Moreover, since the poor are obviously Damned, no need to help them. They deserve their fate. (Even though it was God’s choice to create these folks only to be damned, they still deserve it. Yes, it’s an inconsistency, but why bother with logic when you have the Divine Word?) And since the rich have the outward signs of God’s favor, being wealthy is also a sign of MORAL worthy.
So keep some of this in mind when you hear Repubicans talking about how the rich aren’t rich enough. Or when they talk about cutting social programs. How, you ask, can people be so callous to the suffering of others? It’s easy: it’s all God’s will. They’re on the inside, we’re on the outside, so we deserve the hellfire that is our obvious fate.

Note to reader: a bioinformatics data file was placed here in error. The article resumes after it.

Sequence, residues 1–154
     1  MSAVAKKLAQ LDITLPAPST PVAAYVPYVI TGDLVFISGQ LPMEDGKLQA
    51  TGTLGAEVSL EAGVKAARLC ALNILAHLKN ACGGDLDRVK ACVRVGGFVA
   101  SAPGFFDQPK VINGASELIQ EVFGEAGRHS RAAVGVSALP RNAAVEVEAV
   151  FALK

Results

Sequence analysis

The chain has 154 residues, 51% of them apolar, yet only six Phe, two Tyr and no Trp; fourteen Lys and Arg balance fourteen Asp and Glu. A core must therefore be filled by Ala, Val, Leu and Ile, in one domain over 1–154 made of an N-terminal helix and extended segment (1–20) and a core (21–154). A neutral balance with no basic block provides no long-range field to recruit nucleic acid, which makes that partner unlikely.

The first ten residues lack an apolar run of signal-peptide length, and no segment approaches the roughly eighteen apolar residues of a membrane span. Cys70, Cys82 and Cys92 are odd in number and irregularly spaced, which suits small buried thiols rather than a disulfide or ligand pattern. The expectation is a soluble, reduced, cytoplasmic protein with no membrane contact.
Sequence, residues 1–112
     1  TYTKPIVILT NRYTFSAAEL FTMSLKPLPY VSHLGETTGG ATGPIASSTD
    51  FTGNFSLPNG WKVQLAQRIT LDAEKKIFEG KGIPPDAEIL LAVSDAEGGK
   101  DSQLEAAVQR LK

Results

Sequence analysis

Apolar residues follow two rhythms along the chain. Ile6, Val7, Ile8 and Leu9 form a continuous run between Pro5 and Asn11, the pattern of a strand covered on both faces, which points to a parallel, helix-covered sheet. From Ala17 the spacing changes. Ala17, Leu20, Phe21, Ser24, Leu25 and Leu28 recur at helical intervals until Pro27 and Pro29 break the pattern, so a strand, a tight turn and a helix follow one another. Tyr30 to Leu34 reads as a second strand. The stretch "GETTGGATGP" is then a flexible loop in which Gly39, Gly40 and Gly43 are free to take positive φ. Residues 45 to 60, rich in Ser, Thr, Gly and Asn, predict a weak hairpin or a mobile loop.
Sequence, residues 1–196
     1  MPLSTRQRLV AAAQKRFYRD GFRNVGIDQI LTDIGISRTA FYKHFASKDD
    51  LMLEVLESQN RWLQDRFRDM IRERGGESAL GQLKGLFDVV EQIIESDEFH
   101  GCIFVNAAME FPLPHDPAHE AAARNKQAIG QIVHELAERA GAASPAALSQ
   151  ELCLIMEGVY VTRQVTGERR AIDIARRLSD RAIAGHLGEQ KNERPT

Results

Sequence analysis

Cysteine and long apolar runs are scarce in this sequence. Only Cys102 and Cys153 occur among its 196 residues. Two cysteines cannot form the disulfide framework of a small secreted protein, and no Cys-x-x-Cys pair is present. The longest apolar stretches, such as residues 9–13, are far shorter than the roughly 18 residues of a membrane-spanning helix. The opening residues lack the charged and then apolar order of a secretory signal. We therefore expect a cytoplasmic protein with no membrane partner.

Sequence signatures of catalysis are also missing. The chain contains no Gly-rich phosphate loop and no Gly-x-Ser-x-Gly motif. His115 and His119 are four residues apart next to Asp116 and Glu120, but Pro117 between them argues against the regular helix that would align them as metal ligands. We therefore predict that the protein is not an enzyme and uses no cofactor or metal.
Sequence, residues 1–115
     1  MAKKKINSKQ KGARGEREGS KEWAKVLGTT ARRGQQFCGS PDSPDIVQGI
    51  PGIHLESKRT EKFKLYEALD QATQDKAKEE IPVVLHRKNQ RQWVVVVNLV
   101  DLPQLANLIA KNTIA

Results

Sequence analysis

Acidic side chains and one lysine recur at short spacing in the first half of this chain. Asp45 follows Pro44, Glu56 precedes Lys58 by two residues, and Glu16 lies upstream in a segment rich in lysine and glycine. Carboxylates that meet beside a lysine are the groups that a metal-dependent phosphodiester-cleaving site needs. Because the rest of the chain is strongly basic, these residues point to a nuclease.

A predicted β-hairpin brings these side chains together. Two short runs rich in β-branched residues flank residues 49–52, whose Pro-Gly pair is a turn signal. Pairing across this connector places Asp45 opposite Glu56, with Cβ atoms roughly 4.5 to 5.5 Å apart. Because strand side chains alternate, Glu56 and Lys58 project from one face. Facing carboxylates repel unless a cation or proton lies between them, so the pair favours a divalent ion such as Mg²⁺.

Klaus, there’s a lot to what you say, and Calvinism is a thread of Pentecostalism. Paradoxically, there is a thread of total acceptance, forgiveness of sin, and welcoming the prodigal. That is why they recruit people with severe problems such as addiction or mental illness-God can save anyone.
However, the Calvinist side kicks in when they regard those who refuse to be ‘saved’. Anyone who rejects Christ’s sacrifice on the cross deserves to burn in hell forever. And their Old Testament reading validates the idea that God condemns nations, groups and categories of people to eternal torment. It comes down to a clear case of the saved are forgiven, all others are bad by definition and can never be good enough to wash off the stain of sin.
It fits in neatly with racial or national prejudice.
Actually the Calvinists in what is now the Netherlands were more tolerant of Jews than other Christian sects of the time(i.e. the Catholic church)-they never tried to expel the jews,the attitude being that by proximity the Jews might beattracted to Christianity-but there was never an attempt at forced conversion.